From education to employment

The IMI urges Education Secretary to review funding for Heavy Vehicle Apprenticeships

To ensure UK heavy goods sector can function efficiently and safely

Steve Nash, CEO of the Institute of the Motor Industry (IMI) has written to the Rt Hon Gillian Keegan MP, Secretary of State for Education to express the professional body’s deep concern regarding the current state of the Heavy Vehicle Maintenance and Repair landscape. The IMI believes that there are several issues that, without urgent action, could cause significant disruption to heavy goods movement – fundamental to the UK economy.

One of the primary concerns highlighted by the IMI is the inadequate funding band allocated to apprenticeships in heavy vehicle maintenance and repair. The IMI believes the current level of financial support falls significantly short of meeting the demands and challenges of the heavy goods industry. The amount of money on offer does not make a viable business case to support effective learning, especially considering the expensive equipment and the effects of inflation.

Steve Nash has stated in his open letter to the Rt Hon Gillian Keegan MP that it is imperative that the funding allocation is reassessed and increased to a level that reflects the true needs and costs of training the heavy vehicle technicians of the future.

“Given the recent actions taken by the Migration Advisory Committee in considering the inclusion of Heavy Vehicle Technicians on the Shortage Occupation List, it’s clear that government understands the pressing need for a larger workforce in the Heavy Goods sector”, explained Steve Nash.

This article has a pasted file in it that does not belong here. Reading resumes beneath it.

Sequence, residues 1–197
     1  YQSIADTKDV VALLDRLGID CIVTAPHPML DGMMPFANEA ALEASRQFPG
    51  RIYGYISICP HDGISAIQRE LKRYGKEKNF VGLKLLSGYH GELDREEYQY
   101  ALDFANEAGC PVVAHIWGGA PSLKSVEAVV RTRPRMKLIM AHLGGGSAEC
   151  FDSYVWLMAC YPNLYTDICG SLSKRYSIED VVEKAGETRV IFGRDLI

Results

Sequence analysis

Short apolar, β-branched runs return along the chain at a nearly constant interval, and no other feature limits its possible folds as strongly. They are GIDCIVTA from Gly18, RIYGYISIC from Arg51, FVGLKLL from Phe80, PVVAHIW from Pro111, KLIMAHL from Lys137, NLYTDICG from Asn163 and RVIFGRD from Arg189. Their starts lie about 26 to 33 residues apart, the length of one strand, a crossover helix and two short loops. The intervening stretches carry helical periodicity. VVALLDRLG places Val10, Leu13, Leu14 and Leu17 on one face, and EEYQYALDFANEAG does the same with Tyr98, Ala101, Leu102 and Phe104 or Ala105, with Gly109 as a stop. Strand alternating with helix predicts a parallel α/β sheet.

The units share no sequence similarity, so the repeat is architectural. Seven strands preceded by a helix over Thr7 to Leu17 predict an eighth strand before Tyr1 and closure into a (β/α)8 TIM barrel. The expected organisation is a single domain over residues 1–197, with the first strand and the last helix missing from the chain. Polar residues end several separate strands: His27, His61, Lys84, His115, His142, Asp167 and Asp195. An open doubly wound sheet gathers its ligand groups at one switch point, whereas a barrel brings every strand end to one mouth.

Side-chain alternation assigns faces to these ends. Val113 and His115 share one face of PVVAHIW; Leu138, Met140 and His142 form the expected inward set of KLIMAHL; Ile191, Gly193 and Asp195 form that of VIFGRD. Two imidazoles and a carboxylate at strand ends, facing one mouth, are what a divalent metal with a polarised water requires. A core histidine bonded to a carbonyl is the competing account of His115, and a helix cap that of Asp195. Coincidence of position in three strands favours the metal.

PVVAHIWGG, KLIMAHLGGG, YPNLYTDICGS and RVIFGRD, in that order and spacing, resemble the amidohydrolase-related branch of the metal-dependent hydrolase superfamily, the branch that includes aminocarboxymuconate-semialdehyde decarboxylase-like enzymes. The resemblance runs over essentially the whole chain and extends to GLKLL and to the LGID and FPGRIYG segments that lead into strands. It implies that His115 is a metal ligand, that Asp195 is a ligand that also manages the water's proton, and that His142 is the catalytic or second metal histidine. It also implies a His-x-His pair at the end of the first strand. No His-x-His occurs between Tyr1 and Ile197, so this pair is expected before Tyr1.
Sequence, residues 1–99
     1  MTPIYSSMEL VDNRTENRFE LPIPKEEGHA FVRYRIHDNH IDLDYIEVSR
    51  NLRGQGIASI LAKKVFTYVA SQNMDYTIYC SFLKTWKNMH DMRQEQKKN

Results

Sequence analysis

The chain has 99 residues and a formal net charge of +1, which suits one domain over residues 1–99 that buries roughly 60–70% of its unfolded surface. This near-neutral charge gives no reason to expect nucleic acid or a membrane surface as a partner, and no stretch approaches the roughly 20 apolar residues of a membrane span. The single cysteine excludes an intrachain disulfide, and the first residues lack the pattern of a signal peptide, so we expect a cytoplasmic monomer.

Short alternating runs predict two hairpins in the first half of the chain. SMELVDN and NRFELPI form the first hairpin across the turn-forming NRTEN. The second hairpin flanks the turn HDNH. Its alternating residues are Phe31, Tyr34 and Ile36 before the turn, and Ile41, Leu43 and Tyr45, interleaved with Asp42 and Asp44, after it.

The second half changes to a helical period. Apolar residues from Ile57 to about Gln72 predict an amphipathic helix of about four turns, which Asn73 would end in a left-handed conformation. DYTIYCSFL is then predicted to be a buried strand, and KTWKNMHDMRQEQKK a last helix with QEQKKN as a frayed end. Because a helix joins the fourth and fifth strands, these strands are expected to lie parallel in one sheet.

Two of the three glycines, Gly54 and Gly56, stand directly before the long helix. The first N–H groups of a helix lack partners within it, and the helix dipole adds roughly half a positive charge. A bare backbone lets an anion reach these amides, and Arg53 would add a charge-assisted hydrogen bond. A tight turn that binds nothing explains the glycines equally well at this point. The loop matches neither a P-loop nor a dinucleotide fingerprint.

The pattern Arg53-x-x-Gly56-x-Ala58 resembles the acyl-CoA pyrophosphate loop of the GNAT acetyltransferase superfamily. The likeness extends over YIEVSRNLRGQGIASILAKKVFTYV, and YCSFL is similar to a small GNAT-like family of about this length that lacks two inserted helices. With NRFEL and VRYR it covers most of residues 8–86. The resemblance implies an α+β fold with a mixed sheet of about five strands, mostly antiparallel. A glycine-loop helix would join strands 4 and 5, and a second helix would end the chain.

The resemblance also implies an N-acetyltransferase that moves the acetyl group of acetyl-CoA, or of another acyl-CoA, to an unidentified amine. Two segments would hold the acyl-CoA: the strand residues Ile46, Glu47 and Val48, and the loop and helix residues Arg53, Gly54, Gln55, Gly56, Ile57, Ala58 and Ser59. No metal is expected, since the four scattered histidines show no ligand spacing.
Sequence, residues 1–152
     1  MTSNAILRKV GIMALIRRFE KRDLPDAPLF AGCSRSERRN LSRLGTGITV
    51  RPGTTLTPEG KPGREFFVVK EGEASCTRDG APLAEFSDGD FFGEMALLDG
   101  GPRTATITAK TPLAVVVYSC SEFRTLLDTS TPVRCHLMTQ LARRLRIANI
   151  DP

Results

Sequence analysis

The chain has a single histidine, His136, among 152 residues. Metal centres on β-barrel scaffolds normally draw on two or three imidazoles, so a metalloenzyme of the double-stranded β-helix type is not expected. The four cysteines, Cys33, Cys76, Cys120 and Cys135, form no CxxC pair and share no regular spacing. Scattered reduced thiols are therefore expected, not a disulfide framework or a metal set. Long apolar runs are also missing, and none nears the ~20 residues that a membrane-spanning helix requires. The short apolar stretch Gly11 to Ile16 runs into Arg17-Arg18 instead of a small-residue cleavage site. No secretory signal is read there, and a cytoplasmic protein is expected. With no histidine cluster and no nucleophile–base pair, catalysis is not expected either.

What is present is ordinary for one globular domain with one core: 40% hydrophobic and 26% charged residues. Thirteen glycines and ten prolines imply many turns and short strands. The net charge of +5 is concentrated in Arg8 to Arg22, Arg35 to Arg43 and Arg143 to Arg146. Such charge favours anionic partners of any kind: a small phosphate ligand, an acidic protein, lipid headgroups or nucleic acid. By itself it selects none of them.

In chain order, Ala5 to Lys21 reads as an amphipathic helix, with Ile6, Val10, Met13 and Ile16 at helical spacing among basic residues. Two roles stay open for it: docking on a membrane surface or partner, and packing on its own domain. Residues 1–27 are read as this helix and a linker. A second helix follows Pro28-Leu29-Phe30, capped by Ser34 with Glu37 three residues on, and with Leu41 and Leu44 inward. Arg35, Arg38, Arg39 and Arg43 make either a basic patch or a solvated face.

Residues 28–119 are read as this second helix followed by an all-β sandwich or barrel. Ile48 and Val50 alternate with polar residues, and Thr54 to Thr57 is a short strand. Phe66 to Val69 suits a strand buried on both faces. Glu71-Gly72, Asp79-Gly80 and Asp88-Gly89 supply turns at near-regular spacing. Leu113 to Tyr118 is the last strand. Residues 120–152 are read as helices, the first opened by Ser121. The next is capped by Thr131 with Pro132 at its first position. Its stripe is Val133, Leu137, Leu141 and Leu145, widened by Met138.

“We welcome this initiative but surely focusing on ‘home-grown talent’ would also make sense. It is crucial that the UK creates an environment that attracts and retains skilled professionals in heavy vehicle maintenance and repair. This can only be achieved by ensuring that adequate support, training, and career development opportunities are available to encourage individuals to enter and remain in this field.”

The IMI has also highlighted the importance of having a fully engaged and skilled heavy goods vehicle maintenance workforce in light of the recently proposed Heavy Vehicle Testing Call for Evidence, which aims to increase the time between tests. The safe and efficient movement of goods is critical to the functioning of the economy. However, without a workforce equipped with the proper skills to maintain and repair heavy vehicles, the proposed changes could compromise road safety and disrupt the logistics industry.

The IMI is urging the government to take immediate action by:

  • Re-evaluating and increasing the funding band allocated to apprenticeships in heavy vehicle maintenance and repair to ensure the viability and effectiveness of training programs.
  • Recognising heavy vehicle technicians as a shortage occupation, facilitating the recruitment and retention of skilled professionals through targeted initiatives, such as streamlined visa processes and attractive career development opportunities.
  • Working closely with industry stakeholders to develop comprehensive strategies for enhancing the skills and capabilities of the heavy vehicle maintenance and repair workforce, ensuring they are equipped to meet the demands of evolving technology and industry standards.
  • Considering the vital role of heavy vehicle maintenance and repair in road safety and the efficient movement of goods when formulating policies, such as the proposed changes to the Heavy Vehicle Testing framework.

The current state of the HGV Technicians workforce

Current IMI data highlights that :

  • Heavy Vehicle Technicians job posts have increased by 10% in the past 2 years
  • Proportionally in 2023 there is an estimated 14.5 vacancies per 100 Heavy Vehicle Technicians
  • Heavy Vehicle qualifications have continued to fall over the past 5 years and have not recovered since the pandemic.

The open letter to the Secretary of State for Education can be viewed here

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